‘Professor Marston and the Wonder Women’ is all about the ladies
“Professor Marston and the Wonder Women” sells itself on the gravitas of the second half its title, and unsuspecting audience members will be pleasantly surprised that the film is not a one-stop origin story of “I have this great idea for a new kind of superhero.” One could more honestly and crudely summarize the film as “How Professor Marston, his two lady partners and BDSM made Diana of Themyscira.”
To quote Wonder Woman herself, “Suffering Sappho!”
I imagine that initial reaction is what Dr. William Moulton Marston (a charming-as-ever Luke Evans) saw his lasso-wielding creation crying out to her naysayers from the dozens of comic book covers in the first shot of this Angela Robinson-directed biopic. As the stacks burn to a crisp, one image of the Amazon goddess stands out, looking as though she’s ready to leap from the page into Marston’s arms and out of the inferno of those who condemned her implied ideology of bondage and lesbianism (see definition of “Sappho”).
Make no mistake: This is not a porno but a divinely woven portrait of a family founded on Marston’s radical-for-its-time idea that women should rule the world.
Within the first ten minutes of the film, Marston, a psychologist and inventor of an early prototype of the lie detector, presents a concept he refers to as “DISC” theory (Dominance; Inducement; Submission; and Compliance). The theory doubles as a narrative device to mold the viewer’s perception of the film’s sexual tension, intercourse and enduring dependability.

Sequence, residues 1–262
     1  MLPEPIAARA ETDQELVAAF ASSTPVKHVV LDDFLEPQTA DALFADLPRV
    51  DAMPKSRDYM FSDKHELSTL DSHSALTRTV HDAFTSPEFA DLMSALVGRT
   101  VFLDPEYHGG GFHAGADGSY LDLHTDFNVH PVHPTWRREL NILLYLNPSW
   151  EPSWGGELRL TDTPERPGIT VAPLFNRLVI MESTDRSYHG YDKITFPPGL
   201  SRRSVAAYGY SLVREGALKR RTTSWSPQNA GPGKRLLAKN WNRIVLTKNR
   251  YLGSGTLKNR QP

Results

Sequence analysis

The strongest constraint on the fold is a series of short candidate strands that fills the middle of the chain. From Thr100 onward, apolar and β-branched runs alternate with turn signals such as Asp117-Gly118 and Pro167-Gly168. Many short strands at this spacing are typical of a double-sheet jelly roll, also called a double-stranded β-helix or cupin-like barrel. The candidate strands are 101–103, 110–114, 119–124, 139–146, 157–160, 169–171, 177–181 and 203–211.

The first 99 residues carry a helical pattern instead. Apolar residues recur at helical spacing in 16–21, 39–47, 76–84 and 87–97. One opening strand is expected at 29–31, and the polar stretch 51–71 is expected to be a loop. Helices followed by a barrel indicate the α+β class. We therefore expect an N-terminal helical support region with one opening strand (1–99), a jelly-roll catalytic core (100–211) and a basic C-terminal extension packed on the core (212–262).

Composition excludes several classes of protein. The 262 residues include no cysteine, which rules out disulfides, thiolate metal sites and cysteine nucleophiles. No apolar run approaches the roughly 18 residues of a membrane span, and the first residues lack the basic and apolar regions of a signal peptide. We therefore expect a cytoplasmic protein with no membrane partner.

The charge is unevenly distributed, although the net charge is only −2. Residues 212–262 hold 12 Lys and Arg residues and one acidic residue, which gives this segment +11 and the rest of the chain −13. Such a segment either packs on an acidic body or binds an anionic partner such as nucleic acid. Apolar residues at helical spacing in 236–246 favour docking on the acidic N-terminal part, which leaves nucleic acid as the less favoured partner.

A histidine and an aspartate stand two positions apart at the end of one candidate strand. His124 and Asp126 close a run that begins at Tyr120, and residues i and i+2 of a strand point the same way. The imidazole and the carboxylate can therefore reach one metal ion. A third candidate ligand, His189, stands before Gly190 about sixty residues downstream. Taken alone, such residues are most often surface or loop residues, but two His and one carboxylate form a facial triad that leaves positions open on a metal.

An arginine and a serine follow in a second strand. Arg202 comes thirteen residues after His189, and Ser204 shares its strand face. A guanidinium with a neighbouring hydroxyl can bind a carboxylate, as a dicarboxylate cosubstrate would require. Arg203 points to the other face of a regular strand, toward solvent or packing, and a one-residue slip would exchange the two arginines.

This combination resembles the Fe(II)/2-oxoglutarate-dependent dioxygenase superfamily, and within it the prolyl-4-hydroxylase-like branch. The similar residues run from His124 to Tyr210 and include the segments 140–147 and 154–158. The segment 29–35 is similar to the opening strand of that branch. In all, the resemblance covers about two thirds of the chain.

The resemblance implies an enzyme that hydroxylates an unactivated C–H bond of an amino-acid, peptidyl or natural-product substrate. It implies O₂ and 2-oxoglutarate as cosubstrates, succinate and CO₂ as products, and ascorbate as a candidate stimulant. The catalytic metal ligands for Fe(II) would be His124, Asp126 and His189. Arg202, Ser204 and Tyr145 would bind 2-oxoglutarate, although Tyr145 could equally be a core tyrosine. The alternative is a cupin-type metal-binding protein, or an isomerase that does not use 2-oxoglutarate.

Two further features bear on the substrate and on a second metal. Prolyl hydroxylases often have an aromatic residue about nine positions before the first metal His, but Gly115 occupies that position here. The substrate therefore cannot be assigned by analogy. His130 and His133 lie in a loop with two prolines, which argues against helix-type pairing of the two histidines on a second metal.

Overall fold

Starting with Marston’s interrogation by comic-book skeptic Josette Frank (Connie Britton), the film weaves delicious tension and detail between fifteen years of Marston’s personal life and the parallels of bondage by friend and foe in Wonder Woman’s world.
In a pivotal scene, Marston, accompanied by his wife, Elizabeth Holloway Marston (a brilliant Rebecca Hall), and former teaching assistant-turned polygamous partner, Olive Byrne (Bella Heathcote), watches a rope bondage demonstration at a BDSM store by the self-proclaimed G-string King (J.J. Feild).
“Does it hurt?” Marston asks.
“A little,” the G-string King’s model replies.
“Love is pain,” the G-string King adds, untying her to the revulsion of Holloway and the pleasure of Marston and Byrne. Marston extends the new possibilities of ropes and other products of this specialty sex shop beyond foreplay to storytelling (cue the Lasso of Truth). At this point, we want to be in more than just the hands of these actors.
Robinson, who also wrote the film, makes a solid contribution to what is shaping up to be the season of the biopic, joining “Goodbye Christopher Robin,” “Darkest Hour,” “Marshall” and “LBJ.” Wonder Woman’s recent big-screen presence also enhances “Professor Marston’s” relevance and marketability.
The title says it all. This is a story that celebrates the dynamic women in Marston’s life who influenced his work in both psychology and comics. As for the romance and kinkiness, one of the great “wonders” (pun intended) of Robinson’s iteration is a satisfyingly straightforward approach to humanity’s sexual longing and emotional charges rarely translated properly onscreen. Threesomes? Kinks? Shocking! But not really.
“Professor Marston” tells and shows it like it is. The main trio’s performances divert any shock from their sexual escapades to their raw admiration for one another, both physically and intellectually.
The result is a sincerely performed and beautifully written (though some facts are altered for cinematic purposes) vignette of what withstands in a relationship when its purity is scrutinized by voices of neighbors and authority.
Written by Emilie Kefalas.